Weather insurance is an expanding area of interest and might be underwritten to cover a number of contingencies. Thus, coverage might insure against the occurrence of a specified weather condition in a specified location during a specified time period on a specified day, referred to as event coverage. Coverage might also be provided to insure against the deviation of a specified weather condition at any of several geographic locations from the normal occurrence of that condition at each respective location during a specified extended period of time which may be from two days to a year or more, referred to as program coverage. As an example of event coverage, an entertainment group wanting to put on a concert might engage an outdoor stadium, in which event rain or some other specified weather condition could force cancellation of the concert or otherwise have an adverse effect on receipts for the concert. To protect itself from a catastrophic loss, such a group might wish insurance against the occurrence of a specified weather condition that would necessitate cancellation of the concert or otherwise impact adversely on receipts for the concert. As an example of program coverage, manufacturers of certain equipment, for example power snow removal equipment, as an inducement to people to buy such equipment, might offer a refund of a portion of the purchase price in the event the geographic region in which the snow removal equipment is sold has less than a specified amount of snow during the winter in which the equipment is sold. This refund might be on a sliding scale, such as refund of 100% of the purchase price if the total snow fall is less than 10% of normal, refund of 80% of the purchase price if less than 20% of normal, refund of 70% if less than 30%, refund of 60% if less than 40%, refund of 50% if less than 50%, and refund of 20% if less than 60%. Thus, different refund amounts are triggered by different deviations from a normal occurrence. Again, such companies wish to have insurance aganst the conditions that would require them to make such payments.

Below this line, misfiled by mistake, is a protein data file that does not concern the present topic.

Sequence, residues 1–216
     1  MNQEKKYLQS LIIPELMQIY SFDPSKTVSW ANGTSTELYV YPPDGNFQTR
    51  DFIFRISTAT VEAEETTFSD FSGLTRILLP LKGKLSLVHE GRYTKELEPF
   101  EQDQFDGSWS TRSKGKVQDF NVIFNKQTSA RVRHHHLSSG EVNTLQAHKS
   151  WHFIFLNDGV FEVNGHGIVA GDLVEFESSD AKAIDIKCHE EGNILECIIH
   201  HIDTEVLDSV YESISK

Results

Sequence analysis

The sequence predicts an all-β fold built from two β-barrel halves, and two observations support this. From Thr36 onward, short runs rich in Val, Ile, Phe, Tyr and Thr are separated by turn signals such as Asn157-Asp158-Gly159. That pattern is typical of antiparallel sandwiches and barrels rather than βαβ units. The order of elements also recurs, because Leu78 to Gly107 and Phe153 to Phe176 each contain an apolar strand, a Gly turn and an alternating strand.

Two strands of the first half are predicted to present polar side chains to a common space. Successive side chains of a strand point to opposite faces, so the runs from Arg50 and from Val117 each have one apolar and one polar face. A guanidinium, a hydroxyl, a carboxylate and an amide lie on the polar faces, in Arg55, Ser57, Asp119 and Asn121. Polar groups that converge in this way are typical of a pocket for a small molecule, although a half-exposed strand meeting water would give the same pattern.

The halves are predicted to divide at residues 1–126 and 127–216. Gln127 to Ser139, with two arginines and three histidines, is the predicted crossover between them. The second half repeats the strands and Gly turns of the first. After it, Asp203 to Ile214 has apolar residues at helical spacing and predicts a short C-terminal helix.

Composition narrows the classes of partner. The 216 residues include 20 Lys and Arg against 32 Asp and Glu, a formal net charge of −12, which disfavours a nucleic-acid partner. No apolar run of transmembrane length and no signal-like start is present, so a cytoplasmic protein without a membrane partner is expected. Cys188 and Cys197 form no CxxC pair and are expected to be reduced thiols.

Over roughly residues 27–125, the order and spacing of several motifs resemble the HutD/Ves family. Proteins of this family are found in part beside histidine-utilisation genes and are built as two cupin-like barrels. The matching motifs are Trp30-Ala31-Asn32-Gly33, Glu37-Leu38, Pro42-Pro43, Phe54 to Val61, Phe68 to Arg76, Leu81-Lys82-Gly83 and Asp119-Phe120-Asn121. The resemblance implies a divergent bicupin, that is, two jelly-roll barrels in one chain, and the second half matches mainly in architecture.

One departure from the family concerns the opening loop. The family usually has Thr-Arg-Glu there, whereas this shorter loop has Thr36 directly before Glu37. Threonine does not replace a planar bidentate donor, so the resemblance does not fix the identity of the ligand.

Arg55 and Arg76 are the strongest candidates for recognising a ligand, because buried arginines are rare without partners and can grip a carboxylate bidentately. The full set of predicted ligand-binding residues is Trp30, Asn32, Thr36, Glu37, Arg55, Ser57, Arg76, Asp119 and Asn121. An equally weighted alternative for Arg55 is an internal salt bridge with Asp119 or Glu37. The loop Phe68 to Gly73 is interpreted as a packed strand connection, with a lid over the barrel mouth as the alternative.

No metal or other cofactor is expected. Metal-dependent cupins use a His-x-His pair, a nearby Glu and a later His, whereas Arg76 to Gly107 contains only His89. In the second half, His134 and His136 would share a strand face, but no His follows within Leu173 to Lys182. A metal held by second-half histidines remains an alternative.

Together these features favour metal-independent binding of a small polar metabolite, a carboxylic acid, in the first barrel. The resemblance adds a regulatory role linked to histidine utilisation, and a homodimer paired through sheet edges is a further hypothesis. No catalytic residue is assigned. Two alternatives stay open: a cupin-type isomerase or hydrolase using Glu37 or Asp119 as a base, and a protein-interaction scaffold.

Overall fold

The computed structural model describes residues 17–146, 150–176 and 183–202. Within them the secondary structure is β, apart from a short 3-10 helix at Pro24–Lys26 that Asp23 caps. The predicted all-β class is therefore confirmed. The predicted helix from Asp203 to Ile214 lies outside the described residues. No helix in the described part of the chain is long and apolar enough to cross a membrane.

The underwriting of such insurance requires the ability to determine an appropriate premium for the insurance. The premium must be related to the probability of having to pay a claim.